Ground Loops in Lime Springs, Iowa, Geothermal Applications

You’ve got to have a new heating and cooling system. Maybe you’re weighing the advantages of a new Geothermal HVAC. Whatever the circumstances, you very likely want to know a little bit more about how one works.

Geothermal HVACs variously cool and heat your home by extracting ground temperature. This can be done because of an underground system called a geothermal ground loop.

Ground loops are essentially just an underground pipe system. There are various basic kinds of geothermal loop systems that can be used for heating and cooling conventional residential and commercial]26] buildings.

It works when antifreeze fluid travels through the pipes to move heat quickly and efficiently to a heat pump in the house.

Typically used are four different types of ground loops: Open Loop, Pond Loop, Horizontal Loop and Vertical Loop. These are divvied up into two categories categories: either they’re open loop systems or closed loop systems. The right system for your house is determined by your structure and the property on which it sits. Home systems mostly use vertical or horizontal loops.

Below are additional details on each kind of ground loop.

Closed systems, which include vertical, horizontal, and pond loops, continuously circulate water through them.

Vertical ground loops are used most often in residences because, unlike horizontal loops, they don’t take up much of space. They’re set in place by drilling small holes in the ground to a depth of 100-400 feet. Then pipes are driven into the holes and connected under ground to form the vertical loop. Next, extra pipes are attached that channel fluid to the indoor system to transfer the needed temperature from the ground.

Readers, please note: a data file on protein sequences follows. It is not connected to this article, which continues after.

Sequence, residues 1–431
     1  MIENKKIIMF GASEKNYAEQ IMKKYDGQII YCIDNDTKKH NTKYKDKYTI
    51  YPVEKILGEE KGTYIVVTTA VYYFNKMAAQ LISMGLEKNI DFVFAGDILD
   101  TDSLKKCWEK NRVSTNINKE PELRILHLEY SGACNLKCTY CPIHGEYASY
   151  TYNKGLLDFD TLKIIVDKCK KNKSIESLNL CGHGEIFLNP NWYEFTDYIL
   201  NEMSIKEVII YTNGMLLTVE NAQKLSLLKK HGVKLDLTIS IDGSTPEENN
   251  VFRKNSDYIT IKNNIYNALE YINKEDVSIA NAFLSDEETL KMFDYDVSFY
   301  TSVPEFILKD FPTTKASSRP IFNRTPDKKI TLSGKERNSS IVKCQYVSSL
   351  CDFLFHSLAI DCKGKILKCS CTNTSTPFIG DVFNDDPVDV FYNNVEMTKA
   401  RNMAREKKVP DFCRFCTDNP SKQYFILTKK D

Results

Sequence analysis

A horizontal loop system has to have significantly more space but is actually not as expensive considering it uses only 2 straight pipes set 6 inches in the ground over an area of ¼ to ¾ acre.

If what you want is a pond loop system, you plainly must be in close proximity to a pond, lake, pond, or well. Coils are installed vertically and
secured to the bottom of the water source. Water is then transported through more pipes beneath the earth to a pump, where the heat is drawn out and cool water is put back into the pond. Nevertheless, in order for this system to work, the water can not be acidic or else pipes will decay and filters will have to be replaced often.

The essential difference between open and closed looped systems is the open loop’s need for an ample source of groundwater, a well or a pond, for instance. From there, it directly pumps water into the heat pump unit for use in heating and cooling your home or other structure.

Used water is taken care of in one of two ways: through surface drainage or water re-injection. In returning the water back to the earth, it’s worth mentioning that there is no pollution generated. The only difference in water that’s processed through a geothermal heat pump is a modest change in temperature.

Before installing an open loop system, it is essential to know whether a well or pond has enough water to power your geothermal heat pump, and that it won’t drain a neighbor’s well source. See that you check with your local contractor on whether there’s enough water available to go ahead with installing an open loop geothermal heating system.